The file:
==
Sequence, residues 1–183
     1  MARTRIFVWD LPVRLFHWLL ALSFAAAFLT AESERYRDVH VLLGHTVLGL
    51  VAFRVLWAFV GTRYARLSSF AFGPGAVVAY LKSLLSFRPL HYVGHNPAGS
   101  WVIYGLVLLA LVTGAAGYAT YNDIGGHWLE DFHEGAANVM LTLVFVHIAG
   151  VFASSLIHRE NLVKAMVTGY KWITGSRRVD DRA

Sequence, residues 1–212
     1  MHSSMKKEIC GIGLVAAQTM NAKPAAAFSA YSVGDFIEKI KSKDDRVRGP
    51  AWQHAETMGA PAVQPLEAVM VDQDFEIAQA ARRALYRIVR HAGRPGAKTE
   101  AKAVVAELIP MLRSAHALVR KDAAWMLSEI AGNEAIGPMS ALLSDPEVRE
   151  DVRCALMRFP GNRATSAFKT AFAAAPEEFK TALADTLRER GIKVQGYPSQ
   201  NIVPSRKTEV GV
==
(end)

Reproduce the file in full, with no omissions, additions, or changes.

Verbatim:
Sequence, residues 1–183
     1  MARTRIFVWD LPVRLFHWLL ALSFAAAFLT AESERYRDVH VLLGHTVLGL
    51  VAFRVLWAFV GTRYARLSSF AFGPGAVVAY LKSLLSFRPL HYVGHNPAGS
   101  WVIYGLVLLA LVTGAAGYAT YNDIGGHWLE DFHEGAANVM LTLVFVHIAG
   151  VFASSLIHRE NLVKAMVTGY KWITGSRRVD DRA

Sequence, residues 1–212
     1  MHSSMKKEIC GIGLVAAQTM NAKPAAAFSA YSVGDFIEKI KSKDDRVRGP
    51  AWQHAETMGA PAVQPLEAVM VDQDFEIAQA ARRALYRIVR HAGRPGAKTE
   101  AKAVVAELIP MLRSAHALVR KDAAWMLSEI AGNEAIGPMS ALLSDPEVRE
   151  DVRCALMRFP GNRATSAFKT AFAAAPEEFK TALADTLRER GIKVQGYPSQ
   201  NIVPSRKTEV GV